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Hydrologically Aided Interpolation of Daily Precipitation and Temperature Fields in a Mesoscale Alpine Catchment

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  • 1 Sorbonne Universités, UPMC Université Paris 06, CNRS, EPHE, UMR Metis, Paris, France
  • | 2 Électricité de France R&D, Chatou, France
  • | 3 Électricité de France DTG, Grenoble, France
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Abstract

Hydrological modeling in mountainous regions, where catchment hydrology is heavily influenced by snow (and possibly ice) processes, is a challenging task. The intrinsic complexity of local processes is added to the difficulty of estimating spatially distributed inputs such as precipitation and temperature, which often exhibit a high spatial heterogeneity that cannot be fully captured by measurement networks. Hence, an interpolation step is often required prior to the hydrological modeling step. Usually, the reconstruction of meteorological forcings and the calibration of the hydrological model are done sequentially. The outputs of the hydrological model (discharge estimates) may give some insight into the quality of the forcings used to feed it, but in this two-step independent analysis, it is not possible to easily feed the interpolation scheme back with the discrepancies between observed and simulated discharges. Yet, despite having undergone the rainfall–runoff (or snow–runoff) transformation, discharge at the outlet of a (sub)catchment is still an interesting integrator (spatial low-pass filter) of the forcing fields and is ancillary areal information complementing the direct, point-scale data collected at gauges. In this perspective, choosing the best interpolation scheme partly becomes an inverse hydrological problem. Here, a joint calibration strategy is presented where the parameters of both the interpolation model (i.e., reconstruction procedure of meteorological forcings) and the hydrological model (snow cover, soil moisture accounting, and flow-routing schemes) are jointly inferred in a multisite and multivariable approach. Interpolated fields are daily rainfall and temperature, whereas hydrological variables consist of discharge and snow water equivalent time series at several locations in the Durance River catchment.

Corresponding author address: Nicolas Le Moine, UMR 7619 Metis, Université Pierre et Marie Curie, 4 Place Jussieu, 75252 Paris CEDEX 05, France. E-mail: nicolas.le_moine@upmc.fr

Abstract

Hydrological modeling in mountainous regions, where catchment hydrology is heavily influenced by snow (and possibly ice) processes, is a challenging task. The intrinsic complexity of local processes is added to the difficulty of estimating spatially distributed inputs such as precipitation and temperature, which often exhibit a high spatial heterogeneity that cannot be fully captured by measurement networks. Hence, an interpolation step is often required prior to the hydrological modeling step. Usually, the reconstruction of meteorological forcings and the calibration of the hydrological model are done sequentially. The outputs of the hydrological model (discharge estimates) may give some insight into the quality of the forcings used to feed it, but in this two-step independent analysis, it is not possible to easily feed the interpolation scheme back with the discrepancies between observed and simulated discharges. Yet, despite having undergone the rainfall–runoff (or snow–runoff) transformation, discharge at the outlet of a (sub)catchment is still an interesting integrator (spatial low-pass filter) of the forcing fields and is ancillary areal information complementing the direct, point-scale data collected at gauges. In this perspective, choosing the best interpolation scheme partly becomes an inverse hydrological problem. Here, a joint calibration strategy is presented where the parameters of both the interpolation model (i.e., reconstruction procedure of meteorological forcings) and the hydrological model (snow cover, soil moisture accounting, and flow-routing schemes) are jointly inferred in a multisite and multivariable approach. Interpolated fields are daily rainfall and temperature, whereas hydrological variables consist of discharge and snow water equivalent time series at several locations in the Durance River catchment.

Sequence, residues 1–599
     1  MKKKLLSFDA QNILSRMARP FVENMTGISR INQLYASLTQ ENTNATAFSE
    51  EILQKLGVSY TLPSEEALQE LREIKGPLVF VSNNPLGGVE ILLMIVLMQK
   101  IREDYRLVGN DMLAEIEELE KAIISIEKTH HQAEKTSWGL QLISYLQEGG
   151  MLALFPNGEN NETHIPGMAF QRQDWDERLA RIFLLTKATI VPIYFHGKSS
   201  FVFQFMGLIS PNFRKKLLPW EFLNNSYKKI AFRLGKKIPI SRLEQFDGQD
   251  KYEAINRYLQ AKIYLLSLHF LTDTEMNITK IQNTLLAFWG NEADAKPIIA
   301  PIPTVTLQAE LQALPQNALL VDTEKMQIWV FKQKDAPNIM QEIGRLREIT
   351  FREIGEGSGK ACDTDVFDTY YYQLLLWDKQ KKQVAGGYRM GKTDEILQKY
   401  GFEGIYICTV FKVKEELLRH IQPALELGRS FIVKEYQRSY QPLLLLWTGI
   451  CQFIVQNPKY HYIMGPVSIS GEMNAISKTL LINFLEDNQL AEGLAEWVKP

Corresponding author address: Nicolas Le Moine, UMR 7619 Metis, Université Pierre et Marie Curie, 4 Place Jussieu, 75252 Paris CEDEX 05, France. E-mail: nicolas.le_moine@upmc.fr
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